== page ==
The Washington Post

Ay, ay, ay, Mi Cocina

Interesting iron chandeliers and artwork can’t rescue Mi Cocina, in Chevy Chase, from its corporate vibe. (Astrid Riecken/FOR THE WASHINGTON POST)

Since Mi Cocina opened in May, “I’ve never met so many Texans,” says the general manager of the 140-seat source of Tex-Mex cooking in Chevy Chase, sounding pleased. Max Sagastizado figures half of the customers he has talked to hail from the state where the chain originated.

I understand the appeal of the lush guacamole, made every 45 minutes to accommodate demand, and the tangy “perfect” margaritas made with top-shelf tequila. Thick with shredded chicken breast, a cup of posole pulses with cumin, paprika and heat from jalapeno.

Even so, an early taste of Mi Cocina was sufficient for this diner.

Despite the vibrant paintings of flowers and butterflies by Mexican artist Luis Sottil, the iron chandeliers that suggest tree branches and the allure of a glass-enclosed bar facing the street, the sprawling white dining room still feels more corporate than cozy. Take away the sea of bare tables and leather booths, and the space could pass for a bank, or maybe a cruise ship, given the sea of servers in blue shirts carrying trays of frozen drinks.

The staff is plenty nice, but maybe too attentive. No fewer than four servers and managers stopped by my table within 90 seconds of my meal’s arrival. All I could do when they asked whether everything was okay was nod and point to my working jaw. The restaurant reminds me there’s such a problem as too much service.

Mi Cocina’s menu of tacos, enchiladas, fajitas and more is daring in that it lists calorie counts for every dish and even the drinks. Order the Deluxe 57, a Texas-size combination entree, and you know you’re facing nearly 1,800 calories on the strapping plate of three enchiladas (cheese, chicken and beef) and two tacos (beef and cheese) — a figure that doesn’t include the accompanying Mexican rice and refried beans.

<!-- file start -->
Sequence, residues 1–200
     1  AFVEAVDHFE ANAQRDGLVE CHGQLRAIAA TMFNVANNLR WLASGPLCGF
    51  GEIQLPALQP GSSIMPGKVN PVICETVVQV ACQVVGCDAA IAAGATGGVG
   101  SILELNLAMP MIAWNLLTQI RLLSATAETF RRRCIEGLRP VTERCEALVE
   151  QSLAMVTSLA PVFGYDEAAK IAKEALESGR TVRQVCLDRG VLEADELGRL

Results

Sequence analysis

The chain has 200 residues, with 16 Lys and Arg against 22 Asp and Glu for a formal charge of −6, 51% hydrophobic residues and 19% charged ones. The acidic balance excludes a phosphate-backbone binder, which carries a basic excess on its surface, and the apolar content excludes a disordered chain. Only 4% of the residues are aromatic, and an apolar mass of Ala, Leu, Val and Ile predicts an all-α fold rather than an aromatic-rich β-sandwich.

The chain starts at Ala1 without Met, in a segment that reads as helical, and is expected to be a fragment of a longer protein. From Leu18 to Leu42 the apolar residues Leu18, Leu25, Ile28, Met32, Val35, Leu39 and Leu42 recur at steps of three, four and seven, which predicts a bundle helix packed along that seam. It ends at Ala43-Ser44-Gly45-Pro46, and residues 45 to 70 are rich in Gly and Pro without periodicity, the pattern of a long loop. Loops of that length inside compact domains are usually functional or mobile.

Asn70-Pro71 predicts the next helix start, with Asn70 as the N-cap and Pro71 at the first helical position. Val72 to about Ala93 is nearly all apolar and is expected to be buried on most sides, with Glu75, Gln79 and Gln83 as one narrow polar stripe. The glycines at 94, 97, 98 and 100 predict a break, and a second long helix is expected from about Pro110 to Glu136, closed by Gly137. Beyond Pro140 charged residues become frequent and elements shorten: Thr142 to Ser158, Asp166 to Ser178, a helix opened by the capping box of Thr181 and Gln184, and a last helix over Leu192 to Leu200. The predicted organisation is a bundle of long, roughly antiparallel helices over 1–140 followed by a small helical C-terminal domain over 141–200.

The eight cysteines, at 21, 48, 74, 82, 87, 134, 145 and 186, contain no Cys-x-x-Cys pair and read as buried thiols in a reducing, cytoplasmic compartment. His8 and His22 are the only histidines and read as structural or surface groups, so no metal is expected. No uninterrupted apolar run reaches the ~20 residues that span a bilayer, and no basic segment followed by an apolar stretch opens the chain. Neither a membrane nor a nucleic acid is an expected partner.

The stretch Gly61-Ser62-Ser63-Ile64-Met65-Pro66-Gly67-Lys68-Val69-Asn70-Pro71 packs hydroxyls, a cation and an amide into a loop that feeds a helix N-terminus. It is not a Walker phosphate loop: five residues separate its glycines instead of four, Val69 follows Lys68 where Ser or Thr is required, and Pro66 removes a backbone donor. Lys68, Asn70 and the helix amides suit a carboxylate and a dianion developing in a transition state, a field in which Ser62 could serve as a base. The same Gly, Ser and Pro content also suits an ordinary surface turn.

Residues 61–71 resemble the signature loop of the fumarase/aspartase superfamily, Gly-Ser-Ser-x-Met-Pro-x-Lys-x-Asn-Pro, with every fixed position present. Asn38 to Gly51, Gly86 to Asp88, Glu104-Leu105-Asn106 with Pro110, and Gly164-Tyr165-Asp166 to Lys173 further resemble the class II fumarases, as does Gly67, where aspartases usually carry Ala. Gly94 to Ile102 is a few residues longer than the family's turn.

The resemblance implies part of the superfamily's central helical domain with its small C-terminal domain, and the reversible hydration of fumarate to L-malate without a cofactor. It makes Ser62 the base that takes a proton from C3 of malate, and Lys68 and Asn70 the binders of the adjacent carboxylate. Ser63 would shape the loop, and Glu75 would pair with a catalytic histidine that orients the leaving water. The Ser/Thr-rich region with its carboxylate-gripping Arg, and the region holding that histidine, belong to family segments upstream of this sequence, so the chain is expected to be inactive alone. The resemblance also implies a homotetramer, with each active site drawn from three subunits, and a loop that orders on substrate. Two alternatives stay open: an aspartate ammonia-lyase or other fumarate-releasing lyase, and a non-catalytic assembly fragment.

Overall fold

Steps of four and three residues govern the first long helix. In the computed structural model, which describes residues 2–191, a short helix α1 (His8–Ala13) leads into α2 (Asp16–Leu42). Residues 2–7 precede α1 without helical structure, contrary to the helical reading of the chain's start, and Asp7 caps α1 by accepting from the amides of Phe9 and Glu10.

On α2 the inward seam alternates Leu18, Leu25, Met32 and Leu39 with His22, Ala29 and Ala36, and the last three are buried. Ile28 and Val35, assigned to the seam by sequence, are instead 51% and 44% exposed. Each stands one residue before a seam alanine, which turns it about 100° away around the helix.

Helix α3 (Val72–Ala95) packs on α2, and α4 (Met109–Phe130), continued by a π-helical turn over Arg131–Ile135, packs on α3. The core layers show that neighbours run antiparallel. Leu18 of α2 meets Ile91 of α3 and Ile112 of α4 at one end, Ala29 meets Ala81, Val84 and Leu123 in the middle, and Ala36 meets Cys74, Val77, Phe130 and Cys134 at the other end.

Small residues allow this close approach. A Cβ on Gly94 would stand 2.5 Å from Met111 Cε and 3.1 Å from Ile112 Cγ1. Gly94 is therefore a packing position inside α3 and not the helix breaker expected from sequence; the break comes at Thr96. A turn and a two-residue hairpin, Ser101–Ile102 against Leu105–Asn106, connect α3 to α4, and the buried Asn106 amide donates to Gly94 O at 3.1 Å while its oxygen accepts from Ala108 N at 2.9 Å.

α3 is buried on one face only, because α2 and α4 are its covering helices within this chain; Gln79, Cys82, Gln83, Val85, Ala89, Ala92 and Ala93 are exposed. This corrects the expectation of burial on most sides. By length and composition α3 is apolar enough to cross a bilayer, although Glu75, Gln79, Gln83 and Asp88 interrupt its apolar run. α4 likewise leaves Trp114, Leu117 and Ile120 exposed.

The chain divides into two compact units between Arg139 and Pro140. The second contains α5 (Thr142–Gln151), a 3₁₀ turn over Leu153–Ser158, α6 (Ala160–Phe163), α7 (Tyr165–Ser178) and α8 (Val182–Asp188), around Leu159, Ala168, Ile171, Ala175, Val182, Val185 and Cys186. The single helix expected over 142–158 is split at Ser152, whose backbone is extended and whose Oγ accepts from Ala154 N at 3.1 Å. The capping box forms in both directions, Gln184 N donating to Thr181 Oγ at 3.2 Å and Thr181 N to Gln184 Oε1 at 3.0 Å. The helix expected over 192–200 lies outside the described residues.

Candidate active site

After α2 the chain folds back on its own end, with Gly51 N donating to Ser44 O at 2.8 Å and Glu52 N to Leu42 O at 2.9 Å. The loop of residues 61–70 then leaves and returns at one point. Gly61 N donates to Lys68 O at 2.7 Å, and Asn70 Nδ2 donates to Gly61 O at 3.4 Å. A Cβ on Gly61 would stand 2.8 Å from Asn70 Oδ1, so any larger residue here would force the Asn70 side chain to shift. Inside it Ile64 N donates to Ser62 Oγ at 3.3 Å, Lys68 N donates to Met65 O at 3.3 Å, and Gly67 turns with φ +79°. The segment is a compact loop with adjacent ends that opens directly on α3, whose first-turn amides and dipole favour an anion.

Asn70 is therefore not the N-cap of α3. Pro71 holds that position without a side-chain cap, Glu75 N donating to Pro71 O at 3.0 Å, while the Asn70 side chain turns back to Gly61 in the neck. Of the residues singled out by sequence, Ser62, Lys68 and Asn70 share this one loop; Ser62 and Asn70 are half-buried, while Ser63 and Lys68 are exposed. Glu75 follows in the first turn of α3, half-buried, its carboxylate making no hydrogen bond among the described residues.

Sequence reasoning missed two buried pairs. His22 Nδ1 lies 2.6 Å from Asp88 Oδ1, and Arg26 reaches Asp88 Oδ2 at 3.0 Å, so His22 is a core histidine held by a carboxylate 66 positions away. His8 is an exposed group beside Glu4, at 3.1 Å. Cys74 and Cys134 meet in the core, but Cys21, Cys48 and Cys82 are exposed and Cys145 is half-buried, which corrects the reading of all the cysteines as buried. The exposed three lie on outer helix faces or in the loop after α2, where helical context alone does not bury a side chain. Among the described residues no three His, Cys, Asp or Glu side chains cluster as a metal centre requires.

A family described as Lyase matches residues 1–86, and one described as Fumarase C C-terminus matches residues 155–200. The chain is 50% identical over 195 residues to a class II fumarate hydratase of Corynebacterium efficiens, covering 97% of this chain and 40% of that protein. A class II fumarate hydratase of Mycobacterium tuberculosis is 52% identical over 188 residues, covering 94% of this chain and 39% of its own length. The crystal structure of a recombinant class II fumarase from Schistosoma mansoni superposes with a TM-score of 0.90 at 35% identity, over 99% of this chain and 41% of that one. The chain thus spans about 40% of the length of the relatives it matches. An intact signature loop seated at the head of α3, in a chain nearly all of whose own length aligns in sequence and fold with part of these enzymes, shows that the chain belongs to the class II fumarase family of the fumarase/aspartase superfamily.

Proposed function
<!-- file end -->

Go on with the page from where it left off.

In reality, you might not take in anything close to that number, however; salt overwhelms the elements, particularly the beef taco, the rice and the beans. The best part about a main course of lime-marinated shrimp and slaw swaddled in soft corn tortillas is its side salad of lettuce and avocado; one bite of the funky seafood kept me at bay.

Texas, Mi Cocina is all yours.

5471 Wisconsin Ave., Chevy Chase. 301-652-1195. micocinarestaurants.
. Dinner entrees, $8.95 to $21.95.

Weaned on a beige buffet a la “Fargo” in Minnesota, Tom Sietsema is the food critic for The Washington Post. This is his second tour of duty at the Post. Sietsema got his first taste in the ‘80s, when he was hired by his predecessor to answer phones, write some, and test the bulk of the Food section’s recipes. That’s how he learned to clean squid, bake colonial cakes and distinguish between nutmeg and mace.
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